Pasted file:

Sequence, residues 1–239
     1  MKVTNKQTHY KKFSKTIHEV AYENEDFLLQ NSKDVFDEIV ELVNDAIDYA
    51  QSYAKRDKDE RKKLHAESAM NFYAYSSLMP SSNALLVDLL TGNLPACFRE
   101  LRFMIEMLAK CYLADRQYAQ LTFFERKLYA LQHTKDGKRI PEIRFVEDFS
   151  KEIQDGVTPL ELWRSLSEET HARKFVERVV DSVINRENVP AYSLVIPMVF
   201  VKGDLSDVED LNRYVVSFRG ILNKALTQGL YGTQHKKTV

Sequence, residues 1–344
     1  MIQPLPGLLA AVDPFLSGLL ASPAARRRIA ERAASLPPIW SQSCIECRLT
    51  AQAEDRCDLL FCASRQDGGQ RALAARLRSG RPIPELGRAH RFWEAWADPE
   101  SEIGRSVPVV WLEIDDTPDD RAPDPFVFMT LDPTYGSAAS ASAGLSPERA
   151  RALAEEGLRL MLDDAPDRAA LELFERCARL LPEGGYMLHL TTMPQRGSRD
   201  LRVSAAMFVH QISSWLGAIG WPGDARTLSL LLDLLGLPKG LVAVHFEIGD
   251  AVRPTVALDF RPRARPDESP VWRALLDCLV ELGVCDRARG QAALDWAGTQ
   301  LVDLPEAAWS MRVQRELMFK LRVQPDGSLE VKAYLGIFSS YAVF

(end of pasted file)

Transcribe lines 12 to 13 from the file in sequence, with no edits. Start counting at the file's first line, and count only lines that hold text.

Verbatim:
   201  LRVSAAMFVH QISSWLGAIG WPGDARTLSL LLDLLGLPKG LVAVHFEIGD
   251  AVRPTVALDF RPRARPDESP VWRALLDCLV ELGVCDRARG QAALDWAGTQ